Question about Sony Cyber-Shot DSC-P100 Digital Camera

5 Answers

Spots on lens

How do I clean the spots off the inside of my lens? Cleaning the outside of the lens does not remove the spots that appear on the photos. Do I have to send the camera to Sony to open the lens to clean it?

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  • patweid Aug 14, 2007

    Thank you for confirming that my only solution is to send the camera to Sony to be cleaned. The spots show on the upper half of my images. Since the camera is at least a few years old, I doubt if Sony would fix it for free. Do you think it's worth it to send it back to Sony, or should I just buy a new camera?

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5 Answers

Succesfully used my vacuum cleaner for a few seconds, over the opened lens.

Posted on Oct 30, 2007

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I have done this, and I would like to add some suggestions for the P100 procedure as described in: http://forums.dpreview.com/forums/read.asp?forum=1009&message=19895748 1) Decide if you want to leave the battery in. Pro: Lets you check your work before you re-assemble. Con: Do not press the power button while you are working on it or the lens will pop out and upset your work. 2) The LCD disengages from the left side first, looking at the back of the camera. Use a tiny flat blade screwdriver in the latch hole to pop the latch. The smallest of force is required. If you are muscling it, stop before you break soemthing. 3) The metal plate disengages from the bottom first. Use two small flat blades, one to disengage the latch, the other to lift the plate. This may be difficult due to some adhesive on the mylar circuit to the left of the latch. Lift the latch and rotate it slightly clockwise to unhook the top right tang. Remove. 4) After cleaning, put the last two screws back (CCD Screws), power the camera on, and set zoom to 3X. Point the camera at a white card and check the LCD display? Dots gone? No, then open the CCD and blow some more with the bike pump. 5) DO NOT TOUCH THE OBJECTIVE LENS or THE CCD Surface. 6) Remember to carefully position the packing over the objective before you re-assemble. Push it, do not drag it. This reduces the probability that you will scratch the objective with the pusher (screwdriver). 7) Perfectionist will want to wear surgical gloves to prevent fingerprints on the metal plate etc. Overall I rate this procedure "minor technical competence required". Go slow and work carefully and you might be surprised how easy it is to do. The result is definitely worth the effort. I did notice a lot of dust particles trapped between variuos layers of the lenses by using a flashlight on the objective from the CCD side. They do not seem to impair the image, other that very vauge and light shadows which appear to be swamped by any image except possibly blue sky. Note to Sony: A rubber seal would have gone a long way here. What the heck were you thinking?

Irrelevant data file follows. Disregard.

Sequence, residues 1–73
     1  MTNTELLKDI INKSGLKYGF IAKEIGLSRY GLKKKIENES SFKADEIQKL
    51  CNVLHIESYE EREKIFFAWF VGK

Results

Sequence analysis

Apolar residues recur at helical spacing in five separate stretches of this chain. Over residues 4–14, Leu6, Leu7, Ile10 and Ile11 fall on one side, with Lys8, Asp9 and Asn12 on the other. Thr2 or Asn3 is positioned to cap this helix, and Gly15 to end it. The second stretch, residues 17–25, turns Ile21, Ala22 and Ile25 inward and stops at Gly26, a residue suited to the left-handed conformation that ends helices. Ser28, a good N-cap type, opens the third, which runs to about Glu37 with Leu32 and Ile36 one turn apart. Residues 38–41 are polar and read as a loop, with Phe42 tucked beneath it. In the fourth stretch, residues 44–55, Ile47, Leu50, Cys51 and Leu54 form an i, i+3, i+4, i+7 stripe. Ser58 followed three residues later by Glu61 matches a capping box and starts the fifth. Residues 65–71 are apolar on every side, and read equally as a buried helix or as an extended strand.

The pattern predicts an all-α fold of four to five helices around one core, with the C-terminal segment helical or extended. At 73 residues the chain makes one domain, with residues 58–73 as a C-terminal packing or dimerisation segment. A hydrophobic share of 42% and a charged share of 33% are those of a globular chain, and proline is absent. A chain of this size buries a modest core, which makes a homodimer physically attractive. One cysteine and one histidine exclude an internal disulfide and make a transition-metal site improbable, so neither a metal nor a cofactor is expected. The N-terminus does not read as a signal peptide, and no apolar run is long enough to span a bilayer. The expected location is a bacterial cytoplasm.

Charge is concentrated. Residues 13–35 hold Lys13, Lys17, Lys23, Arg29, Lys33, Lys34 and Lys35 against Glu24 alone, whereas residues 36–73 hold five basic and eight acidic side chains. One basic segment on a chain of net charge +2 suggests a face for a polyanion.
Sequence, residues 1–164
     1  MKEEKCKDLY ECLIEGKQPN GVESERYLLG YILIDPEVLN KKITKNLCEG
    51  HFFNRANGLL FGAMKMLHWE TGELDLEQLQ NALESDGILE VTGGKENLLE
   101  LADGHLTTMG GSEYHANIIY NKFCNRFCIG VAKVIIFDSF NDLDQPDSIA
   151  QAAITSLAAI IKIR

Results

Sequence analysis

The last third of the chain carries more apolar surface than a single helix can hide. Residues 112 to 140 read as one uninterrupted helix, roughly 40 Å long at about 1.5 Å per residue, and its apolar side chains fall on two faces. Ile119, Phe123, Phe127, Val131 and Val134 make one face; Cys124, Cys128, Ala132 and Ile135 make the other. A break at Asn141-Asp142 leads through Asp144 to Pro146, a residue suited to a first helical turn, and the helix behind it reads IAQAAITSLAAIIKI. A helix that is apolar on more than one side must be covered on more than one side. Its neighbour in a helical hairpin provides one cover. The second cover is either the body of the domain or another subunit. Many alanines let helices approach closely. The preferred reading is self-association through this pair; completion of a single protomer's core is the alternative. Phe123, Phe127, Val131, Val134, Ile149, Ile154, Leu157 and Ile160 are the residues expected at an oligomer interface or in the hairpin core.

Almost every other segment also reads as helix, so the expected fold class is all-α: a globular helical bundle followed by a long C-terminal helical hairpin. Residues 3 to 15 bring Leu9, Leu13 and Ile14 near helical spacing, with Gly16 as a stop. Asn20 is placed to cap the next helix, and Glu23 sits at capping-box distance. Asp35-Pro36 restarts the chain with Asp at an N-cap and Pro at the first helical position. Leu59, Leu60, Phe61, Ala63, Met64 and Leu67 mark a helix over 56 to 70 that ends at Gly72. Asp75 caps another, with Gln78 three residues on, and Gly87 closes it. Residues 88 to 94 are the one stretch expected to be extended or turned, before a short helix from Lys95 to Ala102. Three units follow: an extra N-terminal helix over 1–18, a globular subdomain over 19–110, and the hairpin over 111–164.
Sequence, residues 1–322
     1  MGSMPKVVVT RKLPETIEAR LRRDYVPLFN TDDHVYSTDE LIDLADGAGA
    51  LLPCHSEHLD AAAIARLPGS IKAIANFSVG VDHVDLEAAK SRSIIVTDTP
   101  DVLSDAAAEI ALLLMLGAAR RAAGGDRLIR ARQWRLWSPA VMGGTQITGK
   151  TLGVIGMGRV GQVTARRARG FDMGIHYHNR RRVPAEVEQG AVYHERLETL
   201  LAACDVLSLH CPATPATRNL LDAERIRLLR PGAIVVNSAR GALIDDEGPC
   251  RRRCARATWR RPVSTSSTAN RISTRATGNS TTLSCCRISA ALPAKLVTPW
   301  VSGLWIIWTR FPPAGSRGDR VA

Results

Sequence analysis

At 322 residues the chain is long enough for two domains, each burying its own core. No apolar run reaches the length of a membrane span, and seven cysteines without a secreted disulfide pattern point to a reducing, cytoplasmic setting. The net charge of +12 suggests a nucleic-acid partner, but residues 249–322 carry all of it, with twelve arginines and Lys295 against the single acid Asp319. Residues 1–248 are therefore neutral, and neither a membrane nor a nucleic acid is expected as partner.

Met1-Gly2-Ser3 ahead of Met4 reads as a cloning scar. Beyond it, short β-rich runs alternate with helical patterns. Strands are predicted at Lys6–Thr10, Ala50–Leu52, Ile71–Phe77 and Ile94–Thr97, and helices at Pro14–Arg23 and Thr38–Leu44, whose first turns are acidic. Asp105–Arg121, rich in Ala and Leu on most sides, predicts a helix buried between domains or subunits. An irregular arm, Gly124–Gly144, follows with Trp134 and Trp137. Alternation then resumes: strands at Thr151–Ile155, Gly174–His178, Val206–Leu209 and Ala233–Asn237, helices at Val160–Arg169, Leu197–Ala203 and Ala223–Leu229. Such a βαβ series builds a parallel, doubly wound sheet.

Posted on Sep 02, 2007

  • icezebra Sep 02, 2007

    Also, try this BEFORE you do the dissasembly, it may work and save you dissasembly...

    Several people report that it cleared the problem with no dissasembly. On person used a shop-Vac
    http://forums.dpreview.com/forums/read.a...

  • icezebra Sep 02, 2007

    Disreagrd the previous notes, they have some errors regarding direction of rotation and position of the LCD latch.

    Try this BEFORE you disassemble:


    Several people report that it cleared the problem with no disassembly. One person used a shop-vac
    http://forums.dpreview.com/forums/read.a...

    OK, so that didn't work? Then do this:
    http://forums.dpreview.com/forums/read.a...

    Notes:

    Tools required:

    1 Phillips 00
    1 Tiny teeny flat blade
    1 Tiny flat blade
    1 Basketball Pump
    1 Basketball inflation needle with the end open or cut off so that it is open
    1 Pair Surgical Gloves
    1 Flashlight